Recipes Ideas

Jo and Sue: Chinese Baked Buns

Jo and I have been so busy this year we really haven’t had enough time to hold our annual Chinese New Year Dinner. (See HERE for last year’s photos/recipes) We have been so busy getting ready for Valentine’s Day and making healthy recipes for the month of January.

Anyway, I wanted to post at least one Chinese New Year inspired recipe.

I made Chinese steamed buns but instead of steaming them I decided to bake them. I know, I know, it completely changes the texture…but they still turned out really tasty!

They do take a bit of time to make – they have to rise for 3 hours and then rest for an hour – but they are quite easy otherwise.

Chinese Baked Buns



1 Tbsp sugar

1 pkg yeast (2 1/4 tsp)

1/3 cup very warm water

3 cups flour

1 Tbsp oil

1 egg, lightly beaten

2/3 cup milk, room temp


1 lb ground pork

1/2 bag coleslaw (about 2 cups)

3 cloves garlic, minced

1/4 cup oyster sauce

1/4 cup hoisin sauce

1/4 cup sweet chili sauce

salt & pepper

Egg Wash

1 egg

3 Tbsp water


Dough – In a small bowl, dissolve the sugar and yeast in the very warm water. Mix gently and let it sit 10 minutes.

In a large mixing bowl, add flour to oil, beaten egg, and milk. Stir in yeast mixture to form a rough dough. Knead until smooth.

Place in a bowl greased with a bit of oil. Cover and place in a warm spot to rise for 3 hours.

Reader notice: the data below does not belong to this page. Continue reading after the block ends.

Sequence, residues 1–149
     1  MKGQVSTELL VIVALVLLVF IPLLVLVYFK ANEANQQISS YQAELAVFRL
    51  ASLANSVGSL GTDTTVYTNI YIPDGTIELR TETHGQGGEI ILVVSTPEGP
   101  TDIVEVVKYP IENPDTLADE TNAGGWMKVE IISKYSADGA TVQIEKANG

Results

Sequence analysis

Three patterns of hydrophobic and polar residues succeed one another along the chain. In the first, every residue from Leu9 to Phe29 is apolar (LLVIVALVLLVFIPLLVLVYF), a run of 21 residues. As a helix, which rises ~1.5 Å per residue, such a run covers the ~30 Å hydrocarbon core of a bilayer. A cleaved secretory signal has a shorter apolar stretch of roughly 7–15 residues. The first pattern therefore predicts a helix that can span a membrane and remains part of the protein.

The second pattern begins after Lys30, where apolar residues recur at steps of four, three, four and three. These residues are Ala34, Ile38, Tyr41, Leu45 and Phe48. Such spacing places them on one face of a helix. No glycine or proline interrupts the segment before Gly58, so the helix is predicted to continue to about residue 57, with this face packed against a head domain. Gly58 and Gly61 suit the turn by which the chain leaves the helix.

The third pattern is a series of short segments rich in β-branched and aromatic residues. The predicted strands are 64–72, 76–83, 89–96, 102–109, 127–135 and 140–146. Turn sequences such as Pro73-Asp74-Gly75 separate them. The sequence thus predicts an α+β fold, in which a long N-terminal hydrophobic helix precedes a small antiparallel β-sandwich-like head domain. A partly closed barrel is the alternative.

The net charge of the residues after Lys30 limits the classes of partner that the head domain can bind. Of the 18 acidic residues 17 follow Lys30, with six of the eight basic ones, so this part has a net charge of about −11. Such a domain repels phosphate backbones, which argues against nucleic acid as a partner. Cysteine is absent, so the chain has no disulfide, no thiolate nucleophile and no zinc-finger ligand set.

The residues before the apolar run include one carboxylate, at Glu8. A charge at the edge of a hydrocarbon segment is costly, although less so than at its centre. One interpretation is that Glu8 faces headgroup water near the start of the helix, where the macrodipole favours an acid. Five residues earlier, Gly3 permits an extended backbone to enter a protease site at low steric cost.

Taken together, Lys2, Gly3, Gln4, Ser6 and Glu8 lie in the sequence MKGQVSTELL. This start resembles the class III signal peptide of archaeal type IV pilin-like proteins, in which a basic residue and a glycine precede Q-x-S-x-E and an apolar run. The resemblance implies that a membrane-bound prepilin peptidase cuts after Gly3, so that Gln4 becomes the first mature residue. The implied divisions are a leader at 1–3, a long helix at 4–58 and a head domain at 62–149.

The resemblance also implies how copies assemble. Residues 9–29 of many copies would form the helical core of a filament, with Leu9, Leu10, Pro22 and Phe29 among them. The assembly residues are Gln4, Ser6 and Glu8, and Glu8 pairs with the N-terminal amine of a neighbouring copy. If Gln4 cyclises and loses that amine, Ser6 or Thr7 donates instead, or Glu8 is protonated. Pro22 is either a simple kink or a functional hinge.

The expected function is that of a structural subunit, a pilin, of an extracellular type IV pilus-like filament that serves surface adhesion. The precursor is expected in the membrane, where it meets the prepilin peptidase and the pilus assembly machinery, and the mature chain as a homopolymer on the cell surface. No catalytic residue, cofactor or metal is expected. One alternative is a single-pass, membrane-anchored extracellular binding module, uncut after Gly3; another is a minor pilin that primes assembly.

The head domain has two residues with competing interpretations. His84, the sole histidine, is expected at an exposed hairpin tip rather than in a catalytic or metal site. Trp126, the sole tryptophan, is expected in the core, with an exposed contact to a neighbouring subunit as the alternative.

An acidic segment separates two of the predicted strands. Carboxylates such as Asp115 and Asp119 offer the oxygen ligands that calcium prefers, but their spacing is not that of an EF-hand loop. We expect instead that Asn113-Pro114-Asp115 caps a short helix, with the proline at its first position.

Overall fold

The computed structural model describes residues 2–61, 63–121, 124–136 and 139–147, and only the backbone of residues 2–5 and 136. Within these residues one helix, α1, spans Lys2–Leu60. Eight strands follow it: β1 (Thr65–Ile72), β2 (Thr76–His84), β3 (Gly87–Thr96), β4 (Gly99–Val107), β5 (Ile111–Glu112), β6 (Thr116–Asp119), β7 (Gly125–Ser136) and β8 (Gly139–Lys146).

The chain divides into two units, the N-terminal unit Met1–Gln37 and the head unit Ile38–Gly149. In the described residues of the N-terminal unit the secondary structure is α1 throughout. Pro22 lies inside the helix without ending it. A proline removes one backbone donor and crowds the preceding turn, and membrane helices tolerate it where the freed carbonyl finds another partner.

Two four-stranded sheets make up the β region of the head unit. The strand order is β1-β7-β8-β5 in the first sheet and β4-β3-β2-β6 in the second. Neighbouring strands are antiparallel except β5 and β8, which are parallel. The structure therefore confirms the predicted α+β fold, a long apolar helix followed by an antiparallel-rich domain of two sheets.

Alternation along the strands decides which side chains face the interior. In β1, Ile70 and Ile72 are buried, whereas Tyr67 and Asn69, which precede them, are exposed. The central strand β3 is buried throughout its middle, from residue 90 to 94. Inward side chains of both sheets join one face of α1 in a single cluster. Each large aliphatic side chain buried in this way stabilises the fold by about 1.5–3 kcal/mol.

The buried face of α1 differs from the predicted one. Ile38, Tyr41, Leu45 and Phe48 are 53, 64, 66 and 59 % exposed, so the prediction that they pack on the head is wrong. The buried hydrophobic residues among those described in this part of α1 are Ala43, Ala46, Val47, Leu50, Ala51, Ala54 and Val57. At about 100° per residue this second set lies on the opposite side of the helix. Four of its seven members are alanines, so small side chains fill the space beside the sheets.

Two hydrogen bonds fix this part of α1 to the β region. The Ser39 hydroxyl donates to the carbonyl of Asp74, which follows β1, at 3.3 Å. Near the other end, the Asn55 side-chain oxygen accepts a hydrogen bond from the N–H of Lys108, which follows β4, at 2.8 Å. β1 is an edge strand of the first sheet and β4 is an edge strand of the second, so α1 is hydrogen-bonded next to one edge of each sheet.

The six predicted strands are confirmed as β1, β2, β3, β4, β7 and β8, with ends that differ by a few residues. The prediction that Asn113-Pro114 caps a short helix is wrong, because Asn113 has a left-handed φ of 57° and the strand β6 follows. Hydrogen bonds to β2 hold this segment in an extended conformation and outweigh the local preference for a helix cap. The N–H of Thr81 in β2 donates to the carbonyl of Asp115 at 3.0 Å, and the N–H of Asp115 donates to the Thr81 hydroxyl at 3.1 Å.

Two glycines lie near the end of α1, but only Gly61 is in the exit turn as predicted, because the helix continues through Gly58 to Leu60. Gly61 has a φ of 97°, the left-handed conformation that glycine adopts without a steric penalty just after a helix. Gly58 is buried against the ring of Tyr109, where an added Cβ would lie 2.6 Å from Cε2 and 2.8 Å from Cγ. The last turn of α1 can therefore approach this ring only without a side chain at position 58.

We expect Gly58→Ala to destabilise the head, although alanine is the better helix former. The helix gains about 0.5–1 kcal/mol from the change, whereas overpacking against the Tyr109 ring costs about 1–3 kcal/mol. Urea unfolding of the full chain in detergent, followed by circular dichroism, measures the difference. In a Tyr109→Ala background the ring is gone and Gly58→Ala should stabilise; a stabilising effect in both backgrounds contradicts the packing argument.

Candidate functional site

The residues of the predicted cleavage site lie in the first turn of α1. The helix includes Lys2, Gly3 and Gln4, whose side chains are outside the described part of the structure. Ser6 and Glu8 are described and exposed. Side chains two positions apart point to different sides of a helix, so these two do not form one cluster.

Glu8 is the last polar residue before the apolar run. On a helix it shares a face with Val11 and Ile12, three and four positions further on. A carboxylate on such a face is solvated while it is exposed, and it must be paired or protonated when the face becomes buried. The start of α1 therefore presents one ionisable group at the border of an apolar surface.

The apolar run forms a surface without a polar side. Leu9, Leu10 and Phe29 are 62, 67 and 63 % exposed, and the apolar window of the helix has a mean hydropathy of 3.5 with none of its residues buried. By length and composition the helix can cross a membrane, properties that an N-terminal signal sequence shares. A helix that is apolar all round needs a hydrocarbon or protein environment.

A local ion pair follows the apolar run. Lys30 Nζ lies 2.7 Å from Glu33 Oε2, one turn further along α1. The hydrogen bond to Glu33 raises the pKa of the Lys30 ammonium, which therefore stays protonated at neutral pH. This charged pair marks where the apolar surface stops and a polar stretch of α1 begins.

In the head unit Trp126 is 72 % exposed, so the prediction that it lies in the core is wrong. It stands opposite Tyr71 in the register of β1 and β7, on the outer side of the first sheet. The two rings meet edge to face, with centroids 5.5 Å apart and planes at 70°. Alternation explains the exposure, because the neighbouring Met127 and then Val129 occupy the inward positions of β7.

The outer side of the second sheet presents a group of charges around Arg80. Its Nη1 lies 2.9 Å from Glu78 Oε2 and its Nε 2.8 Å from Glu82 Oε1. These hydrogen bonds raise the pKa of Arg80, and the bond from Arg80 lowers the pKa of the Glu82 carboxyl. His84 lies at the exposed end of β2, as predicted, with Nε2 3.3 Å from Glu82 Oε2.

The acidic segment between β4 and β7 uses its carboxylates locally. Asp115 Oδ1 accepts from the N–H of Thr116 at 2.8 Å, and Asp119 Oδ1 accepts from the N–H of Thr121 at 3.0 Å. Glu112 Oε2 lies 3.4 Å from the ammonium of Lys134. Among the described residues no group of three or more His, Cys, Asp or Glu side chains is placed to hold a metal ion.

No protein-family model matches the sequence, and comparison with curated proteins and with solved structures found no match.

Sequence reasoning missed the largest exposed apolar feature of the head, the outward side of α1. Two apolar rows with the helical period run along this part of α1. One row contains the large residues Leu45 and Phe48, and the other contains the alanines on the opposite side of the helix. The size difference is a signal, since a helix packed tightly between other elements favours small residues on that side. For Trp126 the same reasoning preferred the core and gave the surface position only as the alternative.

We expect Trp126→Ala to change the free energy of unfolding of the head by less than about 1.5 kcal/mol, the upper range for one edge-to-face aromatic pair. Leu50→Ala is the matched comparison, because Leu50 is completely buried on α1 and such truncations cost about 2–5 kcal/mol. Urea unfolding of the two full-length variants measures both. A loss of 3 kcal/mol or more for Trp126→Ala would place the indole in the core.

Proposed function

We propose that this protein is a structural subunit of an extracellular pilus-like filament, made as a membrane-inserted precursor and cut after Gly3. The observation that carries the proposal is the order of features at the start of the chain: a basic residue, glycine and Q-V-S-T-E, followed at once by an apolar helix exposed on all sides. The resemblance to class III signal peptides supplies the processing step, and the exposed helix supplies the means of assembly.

While dough is rising, make filling.

Filling – In a large saucepan over medium heat, cook and stir ground pork until it is no longer pink. Add in the coleslaw, garlic, oyster/hoisin/sweet chili sauce, and salt & pepper. Cook until cabbage is softened, about 5 – 8 minutes. Let cool to room temp.

After 3 hours, place dough onto a floured work surface.

Roll into a long log, about an inch thick, and cut into 16 segments.

Work with 1 segment at a time – keeping the other dough covered with a tea towel so it doesn’t dry out.

Flatten piece of dough to a 3 – 4 inch circle. 

Place a spoonful of the pork filling into the middle of the circle.

Pinch edges of dough closed around the filling, rolling slightly in your hand to form a ball after the edges are pinched closed. Place upside down on a cookie sheet lined with parchment paper.

Repeat with all the dough segments until you have 16 buns.

Cover buns with a tea towel and let rest for an hour.

After an hour, preheat oven to 350. 

Egg wash – In a small bowl, whisk together egg and water. Using a basting or pastry brush, brush the egg wash over each bun. 

Bake the buns at 350 until tops are golden brown, about 20 – 25 minutes.

Let cool for about 5 minutes before serving.

Chinese buns can also be steamed as a method of cooking. We haven’t given that method a try yet but it would be interesting to see how the texture changes. 

My family really enjoyed these. Even the hubby, which surprised me as he is not a pork lover, found these pretty addicting. They reheat quite nicely in the microwave the next day too. 

Gong Hey Fat Choy!

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